This post includes affiliate links. If you decide to make a purchase through my link, I might get a small commission for it at no additional cost to you. Thank you for supporting Upcyle This DIY That!
Kids love playing outside and a sandbox is one of the best ways to keep them entertained. But, if you don’t have a lot of money or space for a fancy sandbox, why not make your own? Pallets are inexpensive and easy to find in most places.
They’re sturdy enough that they can be made into anything from furniture to an outdoor kitchen. If you want something more than just sand in your backyard then give this tutorial on how to build a DIY pallet sandbox with recycled materials from around the house!
YOU MAY ALSO BE INTERESTED IN:
Preparing Pallets For Upcycling – All You Need To Know Guide
Getting Started – Working With Pallets
Wood sanding Tips for Upcycling and Pallet Projects
Best Sander for Pallets
How To Build A Pallet Coffee Table Step By Step
How To Make A Pallet Herb Garden
So there it is. My first pallet project made from the beginning to the end by ME 🙂 Oh well, with a little help from my brother 🙂 In this post, I’m going to show you how to make one and what tools and materials I’ve used.
This is a project I had not done any research on before I started. I just had an idea in my head and as it’s quite straight forward it wasn’t that difficult to do.
The list goes for a bit longer, but be patient, please:)
- paintbrushes in 2 in and 4 in size but any size you like will be great
- 50mm (2in) nails and single thread yellow zinc passivated screws 5 x 40mm (1/5 x 1 1/2 in)
- some damp cloth to wipe off the dust after sanding
- a tarpaulin I used to put on the ground when sanding
- a handsaw, not very much used this time 🙂
- a utility knife
- safety goggles, and a dust mask/respirator
- power drill with drill and screwdriver bits
Remember to put some used clothes on or overalls because the job can get very dirty 🙂
DIY Pallet Sandbox step by step
Preparing Pallet no 1
I’d chosen a lightweight, 4-way entry pallet 1000×1200 mm (40 x 47 in )mainly because I thought it would be easy to disassemble. I needed to get rid of some of the planks. How wrong I was.
Most of the planks snapped because the little nails had been glued and threaded, so not easy to remove at all. You may ask how to disassemble a pallet? I have a post that answers that question that you can check out here.
One of the planks I needed snapped so it had to be replaced and cut to size.
This is the frame that was left.
Preparing Pallet no 2
Then I moved to a heavyweight euro pallet. I dismantled it completely because I was going to use the planks only to make the body of my sandbox.
Sanding and staining
After that, I moved to sanding and staining(painting). First was the frame. I only sanded the top and bottom planks on one side just prepare them a bit for staining. I didn’t want to dismantle what was left of the pallet completely and then sand and stain and put it back together.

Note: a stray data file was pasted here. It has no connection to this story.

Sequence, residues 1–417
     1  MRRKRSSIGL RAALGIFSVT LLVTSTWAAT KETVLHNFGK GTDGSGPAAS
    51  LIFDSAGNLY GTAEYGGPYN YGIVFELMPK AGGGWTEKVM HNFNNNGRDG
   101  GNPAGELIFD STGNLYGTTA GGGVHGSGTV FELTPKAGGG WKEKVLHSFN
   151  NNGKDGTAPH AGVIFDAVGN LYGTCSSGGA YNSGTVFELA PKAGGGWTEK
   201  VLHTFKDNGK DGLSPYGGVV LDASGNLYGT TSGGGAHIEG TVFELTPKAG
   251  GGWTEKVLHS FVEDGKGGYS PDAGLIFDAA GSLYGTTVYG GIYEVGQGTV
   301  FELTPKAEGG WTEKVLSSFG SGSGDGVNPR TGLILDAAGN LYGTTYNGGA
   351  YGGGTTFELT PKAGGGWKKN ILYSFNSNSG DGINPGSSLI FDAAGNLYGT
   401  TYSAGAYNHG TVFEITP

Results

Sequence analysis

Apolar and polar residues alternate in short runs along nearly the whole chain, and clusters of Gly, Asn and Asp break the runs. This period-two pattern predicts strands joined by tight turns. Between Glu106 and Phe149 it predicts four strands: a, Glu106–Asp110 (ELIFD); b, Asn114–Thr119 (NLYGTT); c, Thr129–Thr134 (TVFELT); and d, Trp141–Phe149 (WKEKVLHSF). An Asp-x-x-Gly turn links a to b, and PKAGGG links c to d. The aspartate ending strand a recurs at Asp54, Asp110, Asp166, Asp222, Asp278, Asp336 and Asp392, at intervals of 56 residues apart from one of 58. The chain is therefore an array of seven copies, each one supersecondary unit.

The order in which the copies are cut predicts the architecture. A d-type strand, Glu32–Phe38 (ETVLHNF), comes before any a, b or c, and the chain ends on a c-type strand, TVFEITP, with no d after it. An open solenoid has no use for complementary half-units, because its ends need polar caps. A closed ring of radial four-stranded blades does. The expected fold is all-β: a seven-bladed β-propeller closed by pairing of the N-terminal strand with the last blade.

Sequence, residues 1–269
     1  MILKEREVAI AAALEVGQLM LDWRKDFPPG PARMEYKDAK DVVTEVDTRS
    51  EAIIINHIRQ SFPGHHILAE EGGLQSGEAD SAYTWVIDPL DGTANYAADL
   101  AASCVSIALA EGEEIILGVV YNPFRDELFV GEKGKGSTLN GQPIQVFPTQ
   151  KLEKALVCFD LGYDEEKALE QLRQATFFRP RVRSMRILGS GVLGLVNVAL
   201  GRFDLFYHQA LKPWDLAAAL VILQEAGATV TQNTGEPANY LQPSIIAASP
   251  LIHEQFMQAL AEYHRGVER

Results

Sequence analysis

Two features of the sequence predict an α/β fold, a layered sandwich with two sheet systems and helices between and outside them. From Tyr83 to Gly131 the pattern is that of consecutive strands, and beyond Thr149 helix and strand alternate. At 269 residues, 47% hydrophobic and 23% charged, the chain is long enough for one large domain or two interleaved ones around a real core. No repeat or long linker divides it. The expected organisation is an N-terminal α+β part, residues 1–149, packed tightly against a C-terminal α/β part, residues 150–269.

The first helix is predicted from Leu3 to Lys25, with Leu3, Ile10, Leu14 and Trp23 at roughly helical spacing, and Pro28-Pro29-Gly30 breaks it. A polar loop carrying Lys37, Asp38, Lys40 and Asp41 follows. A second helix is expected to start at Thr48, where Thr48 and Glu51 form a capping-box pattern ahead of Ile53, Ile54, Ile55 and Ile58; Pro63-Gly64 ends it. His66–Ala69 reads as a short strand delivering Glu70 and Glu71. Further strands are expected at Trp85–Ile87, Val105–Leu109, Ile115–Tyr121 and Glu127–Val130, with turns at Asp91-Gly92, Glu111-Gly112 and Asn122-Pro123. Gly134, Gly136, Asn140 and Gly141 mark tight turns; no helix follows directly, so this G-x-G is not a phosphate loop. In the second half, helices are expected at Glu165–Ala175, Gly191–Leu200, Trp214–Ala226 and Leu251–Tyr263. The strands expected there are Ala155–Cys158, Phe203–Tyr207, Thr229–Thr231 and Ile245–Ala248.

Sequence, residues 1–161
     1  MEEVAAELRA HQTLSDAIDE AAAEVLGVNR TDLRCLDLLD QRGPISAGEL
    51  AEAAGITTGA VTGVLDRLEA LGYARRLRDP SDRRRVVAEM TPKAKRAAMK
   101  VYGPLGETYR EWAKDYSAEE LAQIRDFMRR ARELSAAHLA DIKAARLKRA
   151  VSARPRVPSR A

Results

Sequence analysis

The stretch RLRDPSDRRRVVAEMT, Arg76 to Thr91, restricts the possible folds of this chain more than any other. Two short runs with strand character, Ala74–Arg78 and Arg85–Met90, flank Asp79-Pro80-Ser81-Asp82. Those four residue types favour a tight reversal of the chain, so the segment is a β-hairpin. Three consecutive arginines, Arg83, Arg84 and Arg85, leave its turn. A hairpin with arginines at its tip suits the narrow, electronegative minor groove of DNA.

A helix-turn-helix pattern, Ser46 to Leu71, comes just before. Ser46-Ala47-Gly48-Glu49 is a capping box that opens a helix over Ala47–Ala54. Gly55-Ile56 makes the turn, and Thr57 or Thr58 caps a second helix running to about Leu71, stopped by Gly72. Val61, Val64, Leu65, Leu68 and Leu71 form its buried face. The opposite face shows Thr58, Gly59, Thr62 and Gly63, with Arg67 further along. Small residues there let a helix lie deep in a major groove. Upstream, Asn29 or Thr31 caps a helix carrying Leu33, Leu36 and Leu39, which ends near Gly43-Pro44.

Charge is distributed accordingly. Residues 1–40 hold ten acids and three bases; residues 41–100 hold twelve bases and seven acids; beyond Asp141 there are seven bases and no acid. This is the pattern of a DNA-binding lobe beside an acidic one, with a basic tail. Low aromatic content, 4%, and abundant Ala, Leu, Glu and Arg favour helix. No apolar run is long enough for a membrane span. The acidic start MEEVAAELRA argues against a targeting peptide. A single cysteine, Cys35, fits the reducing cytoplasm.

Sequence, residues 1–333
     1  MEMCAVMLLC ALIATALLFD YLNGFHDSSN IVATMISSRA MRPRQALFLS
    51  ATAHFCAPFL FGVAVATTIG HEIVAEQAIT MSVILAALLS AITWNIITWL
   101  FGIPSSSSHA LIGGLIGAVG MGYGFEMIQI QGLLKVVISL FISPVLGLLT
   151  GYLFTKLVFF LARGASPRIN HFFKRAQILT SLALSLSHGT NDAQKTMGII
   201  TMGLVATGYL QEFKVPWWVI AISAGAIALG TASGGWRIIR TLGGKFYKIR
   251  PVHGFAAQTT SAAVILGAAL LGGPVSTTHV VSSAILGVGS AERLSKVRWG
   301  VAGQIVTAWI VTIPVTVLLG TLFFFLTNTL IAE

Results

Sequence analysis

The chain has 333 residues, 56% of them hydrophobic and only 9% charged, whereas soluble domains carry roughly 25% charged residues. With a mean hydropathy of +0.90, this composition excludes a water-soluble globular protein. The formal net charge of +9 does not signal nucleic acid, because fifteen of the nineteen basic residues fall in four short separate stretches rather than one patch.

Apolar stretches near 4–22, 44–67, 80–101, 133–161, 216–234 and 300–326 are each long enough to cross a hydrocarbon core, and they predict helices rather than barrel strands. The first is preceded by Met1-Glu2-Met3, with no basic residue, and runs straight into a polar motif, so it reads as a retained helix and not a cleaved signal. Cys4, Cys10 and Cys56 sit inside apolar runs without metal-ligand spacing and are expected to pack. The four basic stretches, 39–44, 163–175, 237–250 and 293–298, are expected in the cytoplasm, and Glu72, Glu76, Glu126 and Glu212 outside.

I think it wasn’t necessary as planks were not going to be visible anyway. I just wanted to make sure they are water-resistant so they wouldn’t rot.
I stained the frame with a self-sealing water-resistant wood stain. You can use whatever you want. Just make sure it’s usable for outdoors and it’ll give you a nice water-resistant coat.
Then I’d started on my thick planks from the euro pallet. The long ones were going to be used as outside walls of my sandbox. The short, wider ones as tops (for sitting).
I sanded all of the planks both sides and after wiping the dust off of them I stained them with the same wood stain. With this one, you have to wait 4 hours before applying another coat if you want to.
I always do 2-3 sometimes 4 coats. It just looks better and is smoother to touch. Remember to sand between coats.
So this is what my sanded and stained planks look like.
and the frame with side planks
Just to mention I only sanded twice and stained twice on the side that was going to be visible or sat on.
The next step was to nail the side planks in place. After that, I was ready to attach a tarpaulin sheet to my frame by stapling it with a stapler to the top frame planks. When doing so just make sure it’s not stretched much. It should be rather loose as you’ll be putting some sand inside and you don’t want it to tear.
As you can see the tarpaulin sheet that I’d used was longer than I needed. I was going to cut it to size but decided to fold it inside instead. That way saved me time. You can probably get a cut to size sheet, but I didn’t bother as it cost me around $ 1.50.
The next step was to screw the wider planks on top of the frame. I used the nails holes wherever possible.
I drilled through them (or drilled new ones) into the frame and then used the screws to attach the planks. I especially used screws not nails because I wanted the planks to be removable. Just in case, the tarpaulin tore I could always replace it that way. Just make sure the screws are not sticking out of the planks for safety reasons.
The final result
So the final product looks like this
I’ll be putting in more sand to cover the tarpaulin.
As you can see this is a nice, little sandbox for boys and girls 🙂 If you like it don’t forget to pin it to your pallet projects board.
Subscribe To My FREE DIY Newsletter!
Stay in touch and receive things like updates, special offers, new projects, tips, gear reviews, and more. No spam, promise!